Judge grants Judicial Watch partial victory in lawsuit over Colorado voter rolls

In the eyes of many Americans, questions remain regarding the integrity of the nation’s elections in the wake of the chaos that was November 2020 and the weeks that followed. Now, one conservative group has just clinched a major win in its efforts to find the truth.

Amid questions over whether state voter rolls are being kept up to date, government watchdog group Judicial Watch had sued Colorado Secretary of State Jena Griswold, claiming she failed to maintain her state’s registration records in accordance with federal law. Now, the group says a federal judge has allowed that lawsuit to proceed.

The lawsuit was initially filed in October 2020. Soon after, the state moved to dismiss the suit in its entirety, which U.S. District Judge Phillip Brimmer declined to do his ruling.

Voter roll integrity

At issue in the suit is a clause within Section 8 of the National Voter Registration Act of 1993 (NVRA), which requires all states to “conduct a general program that makes a reasonable effort to remove from the official lists any voters ineligible by reason of death or change of address.”

Judicial Watch, along with three individual registered voters in Colorado, alleged in the suit that the state had failed to comply with that statute.

As evidence, the organization pointed to various data points derived from both federal and state sources indicating numerous counties in the state had registration rates higher than 100%, paired with a substantially below-average rate of removals of inactive or ineligible voters from the rolls.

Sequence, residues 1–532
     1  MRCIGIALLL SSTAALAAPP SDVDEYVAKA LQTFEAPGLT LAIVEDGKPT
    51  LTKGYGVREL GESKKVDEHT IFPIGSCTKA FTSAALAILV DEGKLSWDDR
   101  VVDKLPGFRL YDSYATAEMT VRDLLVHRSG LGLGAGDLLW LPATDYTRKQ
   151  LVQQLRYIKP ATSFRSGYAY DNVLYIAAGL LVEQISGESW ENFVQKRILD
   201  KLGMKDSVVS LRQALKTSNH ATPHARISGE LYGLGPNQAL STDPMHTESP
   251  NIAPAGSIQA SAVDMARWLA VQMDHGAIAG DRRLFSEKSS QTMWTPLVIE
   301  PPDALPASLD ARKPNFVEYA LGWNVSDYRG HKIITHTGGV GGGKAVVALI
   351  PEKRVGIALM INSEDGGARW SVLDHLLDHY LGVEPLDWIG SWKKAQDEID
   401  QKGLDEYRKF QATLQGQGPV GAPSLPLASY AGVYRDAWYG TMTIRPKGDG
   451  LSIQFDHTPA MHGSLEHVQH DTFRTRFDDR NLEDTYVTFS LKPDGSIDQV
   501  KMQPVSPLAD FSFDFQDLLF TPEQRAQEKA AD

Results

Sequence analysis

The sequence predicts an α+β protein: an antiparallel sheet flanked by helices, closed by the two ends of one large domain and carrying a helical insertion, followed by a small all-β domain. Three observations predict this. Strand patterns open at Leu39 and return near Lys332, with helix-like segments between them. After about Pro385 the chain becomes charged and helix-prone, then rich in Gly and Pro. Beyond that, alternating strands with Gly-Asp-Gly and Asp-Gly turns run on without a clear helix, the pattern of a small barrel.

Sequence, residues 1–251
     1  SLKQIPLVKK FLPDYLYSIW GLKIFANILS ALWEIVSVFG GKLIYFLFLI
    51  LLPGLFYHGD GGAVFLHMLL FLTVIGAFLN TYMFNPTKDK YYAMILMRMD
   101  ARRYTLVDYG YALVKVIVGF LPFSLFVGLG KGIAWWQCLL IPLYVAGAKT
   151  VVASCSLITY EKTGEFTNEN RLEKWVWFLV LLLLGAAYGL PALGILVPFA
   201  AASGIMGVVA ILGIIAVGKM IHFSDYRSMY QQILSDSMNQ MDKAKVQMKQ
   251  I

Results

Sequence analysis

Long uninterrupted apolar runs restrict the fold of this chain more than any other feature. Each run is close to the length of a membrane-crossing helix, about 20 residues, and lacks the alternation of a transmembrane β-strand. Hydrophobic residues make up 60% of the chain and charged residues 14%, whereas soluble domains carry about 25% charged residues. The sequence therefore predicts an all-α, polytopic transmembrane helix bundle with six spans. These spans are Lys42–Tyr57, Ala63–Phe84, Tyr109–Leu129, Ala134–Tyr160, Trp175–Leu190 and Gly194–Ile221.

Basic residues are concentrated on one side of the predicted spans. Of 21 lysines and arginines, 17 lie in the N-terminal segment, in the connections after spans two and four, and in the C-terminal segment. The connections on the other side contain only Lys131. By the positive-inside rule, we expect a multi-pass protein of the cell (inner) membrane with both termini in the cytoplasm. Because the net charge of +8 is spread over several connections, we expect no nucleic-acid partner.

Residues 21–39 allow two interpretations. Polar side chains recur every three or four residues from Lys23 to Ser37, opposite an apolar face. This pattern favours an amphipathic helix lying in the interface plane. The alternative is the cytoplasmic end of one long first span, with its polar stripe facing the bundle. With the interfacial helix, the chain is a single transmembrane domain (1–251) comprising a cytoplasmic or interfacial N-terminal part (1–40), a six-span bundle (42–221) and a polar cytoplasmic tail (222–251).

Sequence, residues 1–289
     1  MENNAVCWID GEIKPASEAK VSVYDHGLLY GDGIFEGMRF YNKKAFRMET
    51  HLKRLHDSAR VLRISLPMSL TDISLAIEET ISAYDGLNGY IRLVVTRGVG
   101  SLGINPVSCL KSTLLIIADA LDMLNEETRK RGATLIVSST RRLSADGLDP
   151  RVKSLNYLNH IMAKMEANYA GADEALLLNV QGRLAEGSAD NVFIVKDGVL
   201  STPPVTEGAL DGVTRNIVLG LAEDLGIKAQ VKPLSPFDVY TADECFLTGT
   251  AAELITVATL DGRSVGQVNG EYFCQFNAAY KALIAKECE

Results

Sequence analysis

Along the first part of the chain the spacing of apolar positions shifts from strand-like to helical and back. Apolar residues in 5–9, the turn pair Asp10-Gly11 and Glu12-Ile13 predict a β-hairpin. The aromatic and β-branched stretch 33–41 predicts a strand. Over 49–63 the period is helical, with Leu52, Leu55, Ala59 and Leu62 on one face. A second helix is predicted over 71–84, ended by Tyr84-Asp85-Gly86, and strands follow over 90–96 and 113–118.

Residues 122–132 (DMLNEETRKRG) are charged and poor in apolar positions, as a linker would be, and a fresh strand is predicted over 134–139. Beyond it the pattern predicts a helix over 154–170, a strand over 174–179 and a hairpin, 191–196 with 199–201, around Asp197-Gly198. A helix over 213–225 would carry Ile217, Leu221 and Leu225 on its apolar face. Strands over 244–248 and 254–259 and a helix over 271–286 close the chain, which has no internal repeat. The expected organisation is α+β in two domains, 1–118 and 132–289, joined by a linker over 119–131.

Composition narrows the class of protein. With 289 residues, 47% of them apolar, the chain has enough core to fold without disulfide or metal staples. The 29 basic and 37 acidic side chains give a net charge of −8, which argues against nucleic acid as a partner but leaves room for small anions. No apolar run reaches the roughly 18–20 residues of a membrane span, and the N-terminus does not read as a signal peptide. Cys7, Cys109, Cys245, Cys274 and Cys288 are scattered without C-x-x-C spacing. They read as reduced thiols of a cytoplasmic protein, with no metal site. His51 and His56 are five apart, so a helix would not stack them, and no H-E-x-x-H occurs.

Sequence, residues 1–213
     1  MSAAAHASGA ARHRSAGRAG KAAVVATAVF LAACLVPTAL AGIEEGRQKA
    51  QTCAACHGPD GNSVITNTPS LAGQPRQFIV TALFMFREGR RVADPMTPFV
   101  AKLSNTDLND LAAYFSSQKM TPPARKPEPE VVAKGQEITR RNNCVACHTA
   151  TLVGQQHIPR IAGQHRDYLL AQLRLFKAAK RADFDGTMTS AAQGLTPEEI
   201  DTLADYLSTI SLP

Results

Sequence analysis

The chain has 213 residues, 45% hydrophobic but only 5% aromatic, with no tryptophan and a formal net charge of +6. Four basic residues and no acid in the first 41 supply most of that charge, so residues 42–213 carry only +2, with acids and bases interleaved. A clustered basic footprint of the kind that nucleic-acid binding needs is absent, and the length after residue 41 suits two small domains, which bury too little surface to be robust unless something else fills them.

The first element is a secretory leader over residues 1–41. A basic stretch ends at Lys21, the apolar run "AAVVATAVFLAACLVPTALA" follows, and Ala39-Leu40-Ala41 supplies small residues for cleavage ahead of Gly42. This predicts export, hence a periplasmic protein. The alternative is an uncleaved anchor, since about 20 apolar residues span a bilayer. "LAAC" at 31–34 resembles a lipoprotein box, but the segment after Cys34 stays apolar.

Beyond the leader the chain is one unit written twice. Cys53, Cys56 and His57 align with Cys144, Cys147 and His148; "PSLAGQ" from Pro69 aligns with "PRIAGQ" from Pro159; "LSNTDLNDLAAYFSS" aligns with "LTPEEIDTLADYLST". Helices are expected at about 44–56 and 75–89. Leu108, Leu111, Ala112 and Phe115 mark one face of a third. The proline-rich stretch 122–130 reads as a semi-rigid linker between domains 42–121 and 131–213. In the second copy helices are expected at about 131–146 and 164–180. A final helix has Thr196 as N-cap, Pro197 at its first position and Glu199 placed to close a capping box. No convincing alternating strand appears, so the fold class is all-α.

Further, the individual voters in the suit argued that the state’s noncompliance with the NVRA requirements had burdened and harmed them by way of “undermining their confidence in the integrity of the electoral process, discouraging their participation in the democratic process, and instilling in them the fear that their legitimate votes will be nullified or diluted.”

Judge gives the green light

Colorado had moved to throw out the suit, saying the plaintiffs lacked standing to sue, failed to provide proper statutory notice, and failed to adequately prove the allegations of noncompliance. They also said the state was immune to the suit by way of the 11th Amendment of the U.S. Constitution.

In the 27-page ruling, however, Judge Brimmer determined that while Colorado itself was immune to the suit, the individual plaintiffs and Judicial Watch had proper standing to sue. The statutory notice prior to filing suit was not applicable in this case, he added.

As such, the claims against the state of Colorado itself were dismissed, while the motion to dismiss was granted in part and rejected in part, meaning the lawsuit will continue.

“Dirty voting rolls can mean dirty elections,” Judicial Watch President Tom Fitton said in a statement following the decision.

He added: “This court victory highlights how Colorado citizens and voters have a right to expect that the state’s voting rolls are reasonably kept up to date, as federal law requires.”

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